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Bujumbura (Burundi) (AFP) - Fears are growing that political protests in Burundi could turn ethnic, threatening to plunge the country into another deadly Hutu-Tutsi conflagration.
Ethnicity is rarely discussed openly in Burundi, whose history is punctuated by ethnic massacres and where long-standing antagonisms between the majority Hutu and minority Tutsi have been suppressed rather than addressed, analysts say.
Beyond the street protests challenging the third term candidacy of President Pierre Nkurunziza, the bigger worry is that the current crisis could jeopardise the Arusha Agreement, which brought peace to Burundi after years of civil war.
The deal included an ethnic power-sharing formula that helped end fighting that raged from 1993 to 2006 between the mostly Tutsi army and predominately Hutu rebel groups.
The Arusha Agreement "was an institutional arrangement that created a power sharing agreement between the elites of the two ethnic groups," said Thierry Vircoulon of the International Crisis Group think tank.
"The challenge of the current crisis is to decide whether or not to maintain this institutional agreement," he said.
By sidestepping the two term limit mandated by the peace deal Nkurunziza and his allies risk undermining the foundation of Burundi's tentative peace. The move also confirms the suspicions of opponents, who believe Nkurunziza's ambition is to revise the constitution to erase Arusha's legacy of ethnic power-sharing.
Both the peace deal and the constitution "perpetuate ethnic quotas" in government institutions in order to "defuse" the ethnic question, said Christian Thibon, a Burundi specialist at the University of Pau and Pays de l'Adour.
Both are based "on a compromise, on the spirit of Arusha," that hardliners in Nkurunziza's CNDD-FDD - a Hutu rebel group turned ruling party - are now questioning.
Burundi is still haunted by memories of the civil war, which began when Tutsi officers launched a coup against Melchior Ndadaye, a Hutu and the country's first democratically elected president.
- Not just Hutu vs. Tutsi -
The current crisis is, for now, political rather than ethnic. Nkurunziza's challengers, on the streets, in civil society and in political circles, come from across society and are made up both of Hutus and Tutsis.
Nevertheless, Vircoulon said, "the current crisis, and the propaganda that preceded it, strongly reflects these antagonisms" of Hutu versus Tutsi.
Last year, a coalition between CNDD-FDD and UPRONA, the main Tutsi party, fell apart following a failed attempt to rewrite the constitution.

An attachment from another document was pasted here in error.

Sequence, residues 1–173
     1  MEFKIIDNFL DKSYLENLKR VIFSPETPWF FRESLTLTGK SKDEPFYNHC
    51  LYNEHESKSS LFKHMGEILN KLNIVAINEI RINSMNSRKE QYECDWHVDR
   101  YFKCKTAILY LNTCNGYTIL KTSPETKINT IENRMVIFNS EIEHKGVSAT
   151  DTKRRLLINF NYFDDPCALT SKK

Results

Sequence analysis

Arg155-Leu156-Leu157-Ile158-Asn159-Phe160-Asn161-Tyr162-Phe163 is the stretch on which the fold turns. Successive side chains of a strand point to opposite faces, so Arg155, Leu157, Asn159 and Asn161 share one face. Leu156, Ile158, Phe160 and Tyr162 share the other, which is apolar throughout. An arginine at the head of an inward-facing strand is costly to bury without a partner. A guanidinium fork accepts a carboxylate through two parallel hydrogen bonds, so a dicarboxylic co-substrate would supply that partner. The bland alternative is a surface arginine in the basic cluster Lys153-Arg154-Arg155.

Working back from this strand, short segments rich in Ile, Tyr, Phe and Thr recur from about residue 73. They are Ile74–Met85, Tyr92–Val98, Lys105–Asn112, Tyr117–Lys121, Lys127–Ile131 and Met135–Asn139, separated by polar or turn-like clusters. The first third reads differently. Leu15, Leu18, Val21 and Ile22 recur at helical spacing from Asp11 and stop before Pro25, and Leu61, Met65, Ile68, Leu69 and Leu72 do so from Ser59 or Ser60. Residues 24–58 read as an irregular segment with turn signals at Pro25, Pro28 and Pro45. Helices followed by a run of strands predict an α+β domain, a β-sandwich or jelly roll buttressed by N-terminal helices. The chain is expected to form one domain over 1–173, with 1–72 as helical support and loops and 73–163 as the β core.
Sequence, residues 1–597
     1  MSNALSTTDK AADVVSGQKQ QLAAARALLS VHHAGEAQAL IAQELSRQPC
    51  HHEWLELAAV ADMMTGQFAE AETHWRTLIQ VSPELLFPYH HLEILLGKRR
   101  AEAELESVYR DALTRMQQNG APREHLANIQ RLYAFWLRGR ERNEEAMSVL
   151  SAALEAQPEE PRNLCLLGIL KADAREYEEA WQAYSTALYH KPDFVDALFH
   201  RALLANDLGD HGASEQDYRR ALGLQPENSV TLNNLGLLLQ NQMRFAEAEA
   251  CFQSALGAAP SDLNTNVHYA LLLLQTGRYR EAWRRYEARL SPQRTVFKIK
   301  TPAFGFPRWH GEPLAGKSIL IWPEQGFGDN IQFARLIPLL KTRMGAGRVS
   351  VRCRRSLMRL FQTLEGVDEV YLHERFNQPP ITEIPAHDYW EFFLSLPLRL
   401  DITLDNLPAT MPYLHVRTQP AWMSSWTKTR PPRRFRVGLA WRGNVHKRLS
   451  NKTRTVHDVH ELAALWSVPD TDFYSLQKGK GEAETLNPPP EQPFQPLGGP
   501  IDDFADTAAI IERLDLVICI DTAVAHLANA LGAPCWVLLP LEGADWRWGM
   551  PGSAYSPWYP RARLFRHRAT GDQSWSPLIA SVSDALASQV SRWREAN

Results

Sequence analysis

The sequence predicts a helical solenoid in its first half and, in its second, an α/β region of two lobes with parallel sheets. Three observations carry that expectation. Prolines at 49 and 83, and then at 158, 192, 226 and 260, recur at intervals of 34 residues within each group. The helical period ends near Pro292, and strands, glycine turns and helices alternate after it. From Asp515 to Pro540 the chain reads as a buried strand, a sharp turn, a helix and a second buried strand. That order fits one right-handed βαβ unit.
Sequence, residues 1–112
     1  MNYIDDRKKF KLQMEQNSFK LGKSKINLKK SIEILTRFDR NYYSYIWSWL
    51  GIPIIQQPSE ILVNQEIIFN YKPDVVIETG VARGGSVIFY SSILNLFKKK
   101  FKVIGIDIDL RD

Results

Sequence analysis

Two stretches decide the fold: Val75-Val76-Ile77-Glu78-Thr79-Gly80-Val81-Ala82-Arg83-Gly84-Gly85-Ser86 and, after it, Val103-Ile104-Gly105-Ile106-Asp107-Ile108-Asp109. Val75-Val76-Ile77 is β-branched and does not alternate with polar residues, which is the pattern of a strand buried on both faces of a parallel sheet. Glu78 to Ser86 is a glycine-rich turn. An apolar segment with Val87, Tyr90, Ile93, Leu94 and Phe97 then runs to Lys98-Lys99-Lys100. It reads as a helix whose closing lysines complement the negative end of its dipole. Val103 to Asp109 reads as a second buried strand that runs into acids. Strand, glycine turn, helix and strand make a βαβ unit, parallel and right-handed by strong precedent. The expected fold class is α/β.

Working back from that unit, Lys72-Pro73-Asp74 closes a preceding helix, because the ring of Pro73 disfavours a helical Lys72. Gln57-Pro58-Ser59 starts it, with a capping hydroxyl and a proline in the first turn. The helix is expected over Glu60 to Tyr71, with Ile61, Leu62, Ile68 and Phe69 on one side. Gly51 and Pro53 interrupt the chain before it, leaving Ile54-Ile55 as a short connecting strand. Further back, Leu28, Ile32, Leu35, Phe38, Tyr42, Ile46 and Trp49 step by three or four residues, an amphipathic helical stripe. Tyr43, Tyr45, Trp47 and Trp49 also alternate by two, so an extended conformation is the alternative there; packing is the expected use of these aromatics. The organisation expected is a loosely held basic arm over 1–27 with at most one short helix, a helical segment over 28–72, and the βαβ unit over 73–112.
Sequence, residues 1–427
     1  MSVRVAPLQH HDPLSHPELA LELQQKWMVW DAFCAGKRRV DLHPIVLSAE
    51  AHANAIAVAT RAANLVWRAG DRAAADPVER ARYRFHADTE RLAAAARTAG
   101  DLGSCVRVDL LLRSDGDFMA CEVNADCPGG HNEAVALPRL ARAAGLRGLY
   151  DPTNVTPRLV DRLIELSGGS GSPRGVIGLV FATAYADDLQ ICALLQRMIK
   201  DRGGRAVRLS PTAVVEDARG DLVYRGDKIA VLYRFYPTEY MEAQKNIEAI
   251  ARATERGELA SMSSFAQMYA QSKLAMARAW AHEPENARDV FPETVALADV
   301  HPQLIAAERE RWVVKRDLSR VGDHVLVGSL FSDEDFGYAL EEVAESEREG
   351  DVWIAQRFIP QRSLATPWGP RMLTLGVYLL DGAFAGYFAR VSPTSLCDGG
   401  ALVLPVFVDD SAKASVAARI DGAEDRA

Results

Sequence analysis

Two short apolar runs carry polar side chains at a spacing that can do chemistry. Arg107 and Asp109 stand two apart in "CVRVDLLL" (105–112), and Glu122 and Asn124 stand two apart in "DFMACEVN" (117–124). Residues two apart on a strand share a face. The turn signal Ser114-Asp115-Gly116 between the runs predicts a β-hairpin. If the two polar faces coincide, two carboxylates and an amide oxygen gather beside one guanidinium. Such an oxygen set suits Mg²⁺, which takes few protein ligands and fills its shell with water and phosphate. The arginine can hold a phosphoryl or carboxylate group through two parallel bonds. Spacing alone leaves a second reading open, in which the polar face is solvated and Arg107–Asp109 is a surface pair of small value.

Using allusions and turns of speech understood by all Burundians but obscure to outsiders, propaganda from the presidential camp has talked of Tutsi domination and accused the other main Hutu party, the FNL, of planning a "pact with the enemy" when it attempted to reconcile with UPRONA.
Those close to the president emphasise the heavy Tutsi presence within civil society and the independent media, both of which are often very critical of the CNDD-FDD, and they note that the protest hotspots in Bujumbura in recent weeks are predominately Tutsi districts.
Father Adrien Ntabona, an ethnologist at the University of Burundi, is concerned that a "phenomenon of ethnicisation" may re-emerge if the crisis continues.
"The attempts at ethnicisation that we are seeing now could take hold because certain conditioned reflexes [inherited from the civil war] are still there," he said.
"As the crisis escalates, fears will grow and ethnic resentment will reappear," said Thibon, who predicted Nkurunziza would benefit most from such a change.
Distrust stemming from the civil war still remains between the leaders of the opposition parties
"The ethnic issue continues to be the background of Burundian politicians because the past of the civil war was not dealt with in the public sphere and responsibilities were not established so that everyone could know who did what in Burundi," said Vircoulon.
Meanwhile, in the countryside, far from the corridors of power, a controversial land reform programme has exacerbated tensions between Hutus and Tutsis in the small, poor, mostly rural country, which is among the most densely populated on earth.
The land reform policy "is seen as a war, with victor and vanquished, a rematch," said Thibon.
The worst case scenario, analysts say, would be the splitting of the army along ethnic lines, casting Burundi back to the days of the civil war.